Game Mechanics You Love/Hate

Scratched wrote:

Unless I'm playing a 2 year old child, I know how to jump across gaps, and there's only one direction I want to go (across the gap) then just handle it. Look at Assassin's creed for how to do it, and an upcoming game that looks to do it even better is Brink that moves you all around the environment as a human would.

Please don't look at assassin's creed on how to do it. There's all too many times in that game where the engine decides that the way you're headed isn't where you want to go, turns you round and has you jump in completely the wrong direction, especially so if you are approaching and edge at and angle for a specific jump and the engine deflects you along the edge at the very last moment. And it's not always clear which if the upcoming edges or ledges the engine is going to decide is the one you are aiming for.

That's probably why I said when there's only one direction to go, probably. I agree on AC needing a better way of directing the character, although perhaps it extends to more games as the character movement and interaction with the environment gets more complex. The AC free running was a simplification, hold down some buttons and press the movement control in the direction you want to go.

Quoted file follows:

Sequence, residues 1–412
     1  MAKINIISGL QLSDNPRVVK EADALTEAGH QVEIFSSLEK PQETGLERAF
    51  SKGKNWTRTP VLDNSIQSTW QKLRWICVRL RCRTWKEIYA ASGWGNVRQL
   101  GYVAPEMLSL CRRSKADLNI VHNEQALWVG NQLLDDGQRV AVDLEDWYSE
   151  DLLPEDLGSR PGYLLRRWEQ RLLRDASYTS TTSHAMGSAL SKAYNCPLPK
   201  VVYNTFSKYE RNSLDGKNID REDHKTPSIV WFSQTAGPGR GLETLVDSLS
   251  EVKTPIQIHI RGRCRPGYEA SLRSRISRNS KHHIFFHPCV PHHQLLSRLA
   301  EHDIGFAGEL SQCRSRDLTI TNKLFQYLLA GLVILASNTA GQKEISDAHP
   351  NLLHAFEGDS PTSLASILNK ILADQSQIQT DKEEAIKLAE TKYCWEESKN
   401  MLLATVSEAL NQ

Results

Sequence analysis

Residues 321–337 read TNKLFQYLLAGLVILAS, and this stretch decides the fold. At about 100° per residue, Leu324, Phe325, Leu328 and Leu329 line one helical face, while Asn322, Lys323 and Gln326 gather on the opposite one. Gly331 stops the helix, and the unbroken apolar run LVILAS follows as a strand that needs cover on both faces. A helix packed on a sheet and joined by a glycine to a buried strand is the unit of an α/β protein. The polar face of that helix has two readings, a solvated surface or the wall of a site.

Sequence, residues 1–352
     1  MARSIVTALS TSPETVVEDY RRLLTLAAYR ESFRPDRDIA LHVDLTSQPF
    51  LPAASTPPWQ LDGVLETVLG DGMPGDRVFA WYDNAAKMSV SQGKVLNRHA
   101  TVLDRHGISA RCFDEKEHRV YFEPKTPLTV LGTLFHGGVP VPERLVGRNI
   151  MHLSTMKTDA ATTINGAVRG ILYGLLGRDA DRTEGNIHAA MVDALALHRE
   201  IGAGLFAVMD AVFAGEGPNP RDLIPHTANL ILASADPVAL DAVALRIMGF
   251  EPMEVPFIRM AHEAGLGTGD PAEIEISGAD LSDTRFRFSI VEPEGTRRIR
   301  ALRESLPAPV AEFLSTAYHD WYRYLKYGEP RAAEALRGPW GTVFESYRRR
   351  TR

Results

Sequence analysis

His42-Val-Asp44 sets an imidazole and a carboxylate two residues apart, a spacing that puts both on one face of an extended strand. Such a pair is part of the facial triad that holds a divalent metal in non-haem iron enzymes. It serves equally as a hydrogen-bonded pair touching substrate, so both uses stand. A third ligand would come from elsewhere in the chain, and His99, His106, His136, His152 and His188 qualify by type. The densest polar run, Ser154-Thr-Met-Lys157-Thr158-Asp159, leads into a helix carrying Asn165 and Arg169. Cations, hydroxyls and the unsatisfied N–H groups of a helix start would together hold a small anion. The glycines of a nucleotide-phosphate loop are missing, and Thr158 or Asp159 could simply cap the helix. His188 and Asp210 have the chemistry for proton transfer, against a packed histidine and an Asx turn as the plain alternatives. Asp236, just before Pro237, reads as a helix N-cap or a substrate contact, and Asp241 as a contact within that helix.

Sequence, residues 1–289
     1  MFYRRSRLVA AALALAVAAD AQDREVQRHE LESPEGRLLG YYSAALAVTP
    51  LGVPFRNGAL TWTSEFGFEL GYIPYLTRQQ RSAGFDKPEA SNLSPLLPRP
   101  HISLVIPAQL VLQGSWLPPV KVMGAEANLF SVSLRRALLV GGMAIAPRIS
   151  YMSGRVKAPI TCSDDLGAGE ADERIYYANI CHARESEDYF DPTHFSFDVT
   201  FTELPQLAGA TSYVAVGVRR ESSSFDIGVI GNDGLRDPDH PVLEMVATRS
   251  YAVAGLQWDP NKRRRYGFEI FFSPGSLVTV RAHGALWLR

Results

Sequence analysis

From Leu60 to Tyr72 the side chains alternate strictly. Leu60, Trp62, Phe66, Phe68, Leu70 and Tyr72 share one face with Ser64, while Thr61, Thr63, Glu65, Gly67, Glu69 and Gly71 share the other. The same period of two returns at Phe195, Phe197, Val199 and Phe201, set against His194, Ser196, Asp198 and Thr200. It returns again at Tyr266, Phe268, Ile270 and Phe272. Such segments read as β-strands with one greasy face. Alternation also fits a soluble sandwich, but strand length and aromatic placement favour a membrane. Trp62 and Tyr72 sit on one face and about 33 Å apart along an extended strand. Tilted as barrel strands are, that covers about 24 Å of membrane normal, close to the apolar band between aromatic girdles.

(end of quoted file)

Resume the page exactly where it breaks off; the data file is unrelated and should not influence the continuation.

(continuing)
What I was getting at was that perhaps we need to relinquish full control of every aspect of our character. We don't need to press the jump button for every gap if it's only logical that we want to move over that gap, the majority of games are linear. For a game like AC, how about 'painting' your intended course on the world or plotting one or two waypoints that your character works out how to get there.

AC may not be the best example, as it's a game about movement and climbing, part of the fun is having the player handle it. Depending on what game you look at, there's different approaches and player attitudes to how much control they give you. Some people want a button for everything, and others want one contextual button that works out what it's meant to do. I don't think either is universally useful in all games, so it's going to depend on what the gameplay is.

Generally I'd love to see better interaction between the characters displayed and the environments they're moving about in, rather than just displaying pre-recorded animations while moving your character a set distance away from obstacles. It seems like there might be things to handle first.

slazev wrote:
mrtomaytohead wrote:
Clemenstation wrote:
IUMogg wrote: